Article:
Do you believe that there is such a thing as being "fat but fit"? Well, a surprising new study might have you thinking otherwise.
A new study shows that even with healthy blood pressure, blood sugar and cholesterol levels, an overweight or obese person has a higher risk of heart disease than someone who is not overweight.
Researchers from the Imperial College London and the University of Cambridge examined the medical records of nearly half a million people. They took into account body mass index (BMI) and whether people were healthy or unhealthy — defined by whether they had three or more metabolic markers like high blood pressure, high blood sugar, low levels of HDL cholesterol or a high waist circumference.
The study found that compared to the healthy-weight control group, people marked as unhealthy had more than double the risk of heart disease, regardless of weight. But overweight and obese people who were deemed "healthy" by their metabolic markers still carried a higher risk for heart attacks.
“Our findings suggest that if a patient is overweight or obese, all efforts should be made to help them get back to a healthy weight, regardless of other factors. Even if their blood pressure, blood sugar and cholesterol appear within the normal range, excess weight is still a risk factor,” said lead author Dr Camille Lassale, from Imperial’s School of Public Health and now based at University College London.
Obesity is more dangerous than a lack of fitness
This study backs up another one from 2015, which found that while body size is not necessarily an indication of fitness — that is, you can be obese and still perform better aerobically than a slim person — body size is still a more predictive measure of overall health than fitness. In other words, being fat but fit is still less healthy than being thin and lazy, reports Science Daily.
Swedish researchers followed 1,317,713 men for a median average of 29 years in an effort to examine the association between aerobic fitness and death later in life. Subjects were categorized by their body type (measured in Body Mass Index), and their aerobic fitness was tested by asking them to cycle until they had to stop due to fatigue.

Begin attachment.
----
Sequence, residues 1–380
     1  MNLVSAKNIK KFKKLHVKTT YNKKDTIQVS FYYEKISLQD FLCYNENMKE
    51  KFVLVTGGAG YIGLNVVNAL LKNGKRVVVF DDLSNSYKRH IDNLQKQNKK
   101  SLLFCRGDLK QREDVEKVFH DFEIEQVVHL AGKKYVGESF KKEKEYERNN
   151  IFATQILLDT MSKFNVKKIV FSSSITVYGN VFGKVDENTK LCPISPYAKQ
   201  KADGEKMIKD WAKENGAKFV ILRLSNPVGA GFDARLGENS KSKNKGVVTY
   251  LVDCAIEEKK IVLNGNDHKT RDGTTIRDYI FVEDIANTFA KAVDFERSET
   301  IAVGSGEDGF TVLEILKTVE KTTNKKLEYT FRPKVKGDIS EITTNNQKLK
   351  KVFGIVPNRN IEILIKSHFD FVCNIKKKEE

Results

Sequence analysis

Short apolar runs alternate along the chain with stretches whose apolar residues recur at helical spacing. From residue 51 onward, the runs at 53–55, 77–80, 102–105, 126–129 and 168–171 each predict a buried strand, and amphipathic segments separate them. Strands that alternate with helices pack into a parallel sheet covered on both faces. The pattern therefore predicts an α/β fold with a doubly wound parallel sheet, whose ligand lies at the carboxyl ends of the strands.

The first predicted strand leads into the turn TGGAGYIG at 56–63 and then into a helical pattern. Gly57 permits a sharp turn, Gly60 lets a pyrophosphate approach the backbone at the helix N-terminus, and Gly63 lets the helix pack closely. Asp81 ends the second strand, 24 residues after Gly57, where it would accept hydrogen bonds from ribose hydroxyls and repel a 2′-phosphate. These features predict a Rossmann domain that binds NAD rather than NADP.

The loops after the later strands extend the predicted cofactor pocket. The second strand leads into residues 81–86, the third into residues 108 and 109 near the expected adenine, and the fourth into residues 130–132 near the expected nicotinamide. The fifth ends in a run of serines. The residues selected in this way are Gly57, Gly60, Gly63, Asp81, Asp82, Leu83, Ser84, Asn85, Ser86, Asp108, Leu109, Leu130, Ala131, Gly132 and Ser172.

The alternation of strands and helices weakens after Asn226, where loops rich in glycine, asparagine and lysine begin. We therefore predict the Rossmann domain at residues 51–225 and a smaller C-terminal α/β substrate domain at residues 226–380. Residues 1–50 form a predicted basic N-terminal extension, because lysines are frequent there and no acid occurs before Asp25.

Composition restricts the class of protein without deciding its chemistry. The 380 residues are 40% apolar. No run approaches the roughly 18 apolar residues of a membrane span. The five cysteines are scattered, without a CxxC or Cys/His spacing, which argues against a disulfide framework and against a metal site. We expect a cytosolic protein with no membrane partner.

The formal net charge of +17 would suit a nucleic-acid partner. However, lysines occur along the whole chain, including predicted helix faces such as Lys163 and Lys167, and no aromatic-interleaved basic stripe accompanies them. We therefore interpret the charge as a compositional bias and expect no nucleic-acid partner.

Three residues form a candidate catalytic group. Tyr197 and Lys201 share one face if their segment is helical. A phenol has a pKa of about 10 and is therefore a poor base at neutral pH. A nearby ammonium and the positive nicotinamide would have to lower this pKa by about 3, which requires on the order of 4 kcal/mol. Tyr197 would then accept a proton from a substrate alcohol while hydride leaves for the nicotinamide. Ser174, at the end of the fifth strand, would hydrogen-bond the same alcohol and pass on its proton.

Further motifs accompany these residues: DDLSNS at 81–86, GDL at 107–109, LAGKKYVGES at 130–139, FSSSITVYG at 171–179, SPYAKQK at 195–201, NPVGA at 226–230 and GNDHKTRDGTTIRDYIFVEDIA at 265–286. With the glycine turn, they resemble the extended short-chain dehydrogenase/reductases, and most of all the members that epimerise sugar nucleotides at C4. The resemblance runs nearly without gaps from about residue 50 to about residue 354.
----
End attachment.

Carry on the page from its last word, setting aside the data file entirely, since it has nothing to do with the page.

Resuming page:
Incredibly, the research indicated that obese people with high levels of aerobic fitness were still 30 percent more likely to die prematurely even when compared with those who were slim but did little exercise. To put it plainly, fitness cannot make up for being overweight when it comes to your overall life expectancy.
The study also found that the beneficial effect of high aerobic fitness was reduced with increased obesity, and in those with extreme obesity there was no significant effect at all. In other words, fitness had an increasingly reduced impact on health the more obese a person was.
What's the takeaway?
It's important to understand that these results, though surprising, are not an excuse to give up on exercise. Being slim but unfit was still less healthy than being slim and fit. Likewise, obese fit people were still better off than obese unfit people overall. And of course, aerobic fitness is an important tool that obese people can use as part of an effort to transform their bodies and lose weight.
Having said that, the idea that it is okay to be fat if you're fit appears to have been proven incorrect, at least according to how these studies drew their measurements.
It should be noted that the 2015 study, though rather large and comprehensive, only looked at men. So it's unclear if these same results would apply to women. The study also only measured health in terms of life expectancy and the risk of early death. It's therefore possible that obesity is correlated with risk of death for reasons other than health. For instance, obese people may tend to possess linked genetic predispositions to conditions that cause early death that simply have nothing to do with fitness at all, thus clouding the study's conclusions. This alternative is mere speculation, however.
Either way, these studies are eye-openers and could rewrite the book of how we think about health and fitness on the whole. They further emphasize just how dangerous being overweight can be.
Editor's note: This article has been updated since it was originally published in December 2015.